Presidential Symposium Targets "Silent Killers"

February 20, 2004

Carol J. Schlueter
Phone: (504) 865-5714

Lee Hamm leads the panel of speakers during the Presidential Symposium First, the good news. Coronary disease and cardiovascular disease are "somewhat on the decline" in America, although they remain the
leading causes of death in this country by far.

You know what's coming next, and it hits New Orleanians right where it hurts. And right in the middle of King Cake season.

The bad news: hypertension is still poorly controlled in almost three out of four of the 60 million Americans with high blood pressure, and diabetes mellitus is clearly on the increase.

Both diabetes and hypertension are being caused or worsened by obesity. All of these issues were addressed in the Presidential Symposium on Jan. 28.

"There is a reciprocal relationship between kidney disease and hypertension, hence the combination of the two in our center," said Lee Hamm as he opened the symposium's public forum, "Silent Killers: High Blood Pressure and Kidney Disease."

The Tulane Hypertension and Renal Center of Excellence organized the symposium, which included a scientific session at the School of Medicine and a public forum on the uptown campus. Hamm and Gabriel Navar are the center's directors. Robert Alpern, one of the four nationally known researchers brought in to discuss these problems, is especially concerned about the potential for kidney disease in children.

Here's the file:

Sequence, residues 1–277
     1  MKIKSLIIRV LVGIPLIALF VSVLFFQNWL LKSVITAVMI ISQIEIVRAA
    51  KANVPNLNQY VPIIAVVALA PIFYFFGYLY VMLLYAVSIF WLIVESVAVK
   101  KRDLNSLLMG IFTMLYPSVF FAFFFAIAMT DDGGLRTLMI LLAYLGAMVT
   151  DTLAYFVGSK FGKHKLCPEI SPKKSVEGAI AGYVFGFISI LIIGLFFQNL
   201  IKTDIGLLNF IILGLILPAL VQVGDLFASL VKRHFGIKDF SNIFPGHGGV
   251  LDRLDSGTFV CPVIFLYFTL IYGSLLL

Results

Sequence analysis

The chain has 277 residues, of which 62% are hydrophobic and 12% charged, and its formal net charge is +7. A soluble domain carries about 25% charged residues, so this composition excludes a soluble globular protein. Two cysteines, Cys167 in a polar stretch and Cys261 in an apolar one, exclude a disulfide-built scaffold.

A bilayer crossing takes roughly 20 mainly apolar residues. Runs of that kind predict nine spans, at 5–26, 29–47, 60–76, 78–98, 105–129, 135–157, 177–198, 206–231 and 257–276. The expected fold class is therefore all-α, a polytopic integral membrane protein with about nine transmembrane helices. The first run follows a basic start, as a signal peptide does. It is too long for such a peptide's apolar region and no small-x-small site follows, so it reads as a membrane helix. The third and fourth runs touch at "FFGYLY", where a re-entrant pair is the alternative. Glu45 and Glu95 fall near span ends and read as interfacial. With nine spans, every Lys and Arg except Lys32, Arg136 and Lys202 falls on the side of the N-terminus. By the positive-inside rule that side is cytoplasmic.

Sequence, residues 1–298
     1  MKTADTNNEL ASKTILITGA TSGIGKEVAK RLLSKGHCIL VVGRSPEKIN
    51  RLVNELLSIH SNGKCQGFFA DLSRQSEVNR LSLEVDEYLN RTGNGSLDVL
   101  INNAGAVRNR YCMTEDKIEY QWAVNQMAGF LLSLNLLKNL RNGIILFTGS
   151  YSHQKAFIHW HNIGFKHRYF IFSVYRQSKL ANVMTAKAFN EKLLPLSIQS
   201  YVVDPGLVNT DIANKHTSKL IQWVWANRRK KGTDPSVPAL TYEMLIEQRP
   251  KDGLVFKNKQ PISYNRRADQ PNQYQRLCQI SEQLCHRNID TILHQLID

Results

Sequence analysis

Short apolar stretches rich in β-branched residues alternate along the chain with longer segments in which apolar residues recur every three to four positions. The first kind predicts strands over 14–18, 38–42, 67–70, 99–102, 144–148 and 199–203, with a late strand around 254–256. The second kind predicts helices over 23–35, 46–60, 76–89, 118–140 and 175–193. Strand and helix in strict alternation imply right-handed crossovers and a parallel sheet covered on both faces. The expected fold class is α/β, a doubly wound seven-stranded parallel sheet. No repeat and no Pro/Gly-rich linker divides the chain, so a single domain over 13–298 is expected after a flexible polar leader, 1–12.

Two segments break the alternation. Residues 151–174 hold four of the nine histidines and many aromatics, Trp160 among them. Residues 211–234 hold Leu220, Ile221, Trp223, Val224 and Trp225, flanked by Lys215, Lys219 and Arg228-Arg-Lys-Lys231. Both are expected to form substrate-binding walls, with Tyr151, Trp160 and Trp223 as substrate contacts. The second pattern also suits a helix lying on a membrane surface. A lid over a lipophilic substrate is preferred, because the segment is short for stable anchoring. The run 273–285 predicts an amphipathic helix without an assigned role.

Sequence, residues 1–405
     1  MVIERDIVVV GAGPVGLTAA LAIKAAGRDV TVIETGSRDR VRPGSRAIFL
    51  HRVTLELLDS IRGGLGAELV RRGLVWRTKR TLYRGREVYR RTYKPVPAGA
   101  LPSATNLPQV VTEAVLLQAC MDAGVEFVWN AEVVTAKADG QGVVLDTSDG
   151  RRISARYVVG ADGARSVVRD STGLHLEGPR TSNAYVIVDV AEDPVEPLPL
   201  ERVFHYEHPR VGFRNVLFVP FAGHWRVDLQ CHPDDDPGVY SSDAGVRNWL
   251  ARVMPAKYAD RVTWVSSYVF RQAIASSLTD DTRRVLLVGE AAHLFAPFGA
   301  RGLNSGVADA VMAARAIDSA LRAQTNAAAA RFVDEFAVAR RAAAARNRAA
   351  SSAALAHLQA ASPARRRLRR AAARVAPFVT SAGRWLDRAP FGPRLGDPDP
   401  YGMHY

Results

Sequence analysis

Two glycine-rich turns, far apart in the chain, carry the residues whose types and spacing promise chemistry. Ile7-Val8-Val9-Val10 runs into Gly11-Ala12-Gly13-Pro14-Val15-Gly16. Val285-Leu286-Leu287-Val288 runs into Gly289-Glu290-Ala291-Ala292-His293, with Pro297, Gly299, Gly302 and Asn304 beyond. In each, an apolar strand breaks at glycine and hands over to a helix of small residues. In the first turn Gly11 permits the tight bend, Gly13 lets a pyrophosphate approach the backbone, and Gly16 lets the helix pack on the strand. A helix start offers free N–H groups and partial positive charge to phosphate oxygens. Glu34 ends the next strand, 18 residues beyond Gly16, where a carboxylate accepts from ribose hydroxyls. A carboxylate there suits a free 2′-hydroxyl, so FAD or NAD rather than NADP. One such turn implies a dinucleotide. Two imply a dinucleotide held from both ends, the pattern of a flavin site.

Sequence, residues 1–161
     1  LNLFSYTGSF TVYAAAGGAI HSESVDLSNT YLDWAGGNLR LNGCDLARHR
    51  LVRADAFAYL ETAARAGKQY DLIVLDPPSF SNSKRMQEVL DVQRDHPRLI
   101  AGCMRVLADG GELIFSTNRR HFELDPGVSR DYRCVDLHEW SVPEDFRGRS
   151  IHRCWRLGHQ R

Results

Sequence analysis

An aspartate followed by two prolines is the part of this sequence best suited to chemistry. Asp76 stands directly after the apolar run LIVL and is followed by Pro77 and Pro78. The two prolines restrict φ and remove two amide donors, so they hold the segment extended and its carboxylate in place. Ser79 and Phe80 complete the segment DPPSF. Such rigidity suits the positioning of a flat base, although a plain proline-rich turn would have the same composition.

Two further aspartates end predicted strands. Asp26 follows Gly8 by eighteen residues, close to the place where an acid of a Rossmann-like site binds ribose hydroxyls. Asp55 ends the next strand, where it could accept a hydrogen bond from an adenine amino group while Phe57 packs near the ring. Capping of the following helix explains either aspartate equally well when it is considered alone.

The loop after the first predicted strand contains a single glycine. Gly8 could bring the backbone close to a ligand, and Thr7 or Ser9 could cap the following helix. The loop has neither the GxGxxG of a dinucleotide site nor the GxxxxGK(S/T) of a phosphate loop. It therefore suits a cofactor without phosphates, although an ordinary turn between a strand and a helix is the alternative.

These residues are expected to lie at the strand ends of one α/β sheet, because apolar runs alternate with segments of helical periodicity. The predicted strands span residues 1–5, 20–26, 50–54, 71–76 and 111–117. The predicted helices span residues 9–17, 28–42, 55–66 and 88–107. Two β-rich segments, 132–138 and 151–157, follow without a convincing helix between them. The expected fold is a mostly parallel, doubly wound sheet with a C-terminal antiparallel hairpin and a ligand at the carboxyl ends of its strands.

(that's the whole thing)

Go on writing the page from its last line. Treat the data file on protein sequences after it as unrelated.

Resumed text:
"There is clearly an epidemic of kidney disease that's occurring and that's going to get worse, driven by hypertension and also driven by obesity," said Alpern, dean of the medical school at the University of Texas Southwestern Medical Center in Dallas. "As our children sit in front of their computers and play electronic football instead of real football, what we're gong to see is that they're all going to be predisposed to hypertension and diabetes."

People who have a family history of diabetes have to make the right lifestyle choices, said Josephine Briggs, a nephrologist from the National Institute of Diabetes and Digestive and Kidney Diseases. "Certainly, doing your best to maintain your ideal body weight and regular exercise is enormously important," she said.

Finding the right diet is crucial, but staying on it is even more important, said Teri A. Manolio, from the National Heart, Lung and Blood Institute. "The biggest problem in obesity control is not initial loss of weight ... the problem is keeping that weight off. It means lifelong lifestyle changes and increased activity."

The easy availability of calorie-intense foods, promoted by prevalent advertising, has become a public health concern. "I think in the end as a society we're going to have to come to grips with this," said Paul Whelton, senior vice president for the health sciences at Tulane and an internationally recognized expert on hypertension and cardiovascular disease. "We're going to have to approach this from a societal viewpoint of changing our food chain."

Some diets and treatments for individuals are better than others because of genetics, said Jean-Marc Lalouel, professor of human genetics at the University of Utah.

"This is the hope of the geneticist, that down the road we would understand more about the underlying predisposition to common disease." The researchers felt that the use of adult stem cells holds promise in the repair of organs such as the kidney, though much research is needed in this area. "What could possibly happen with stem cells could be greater than any other field of therapy," Alpern said.

Tulane University, New Orleans, LA 70118 504-865-5000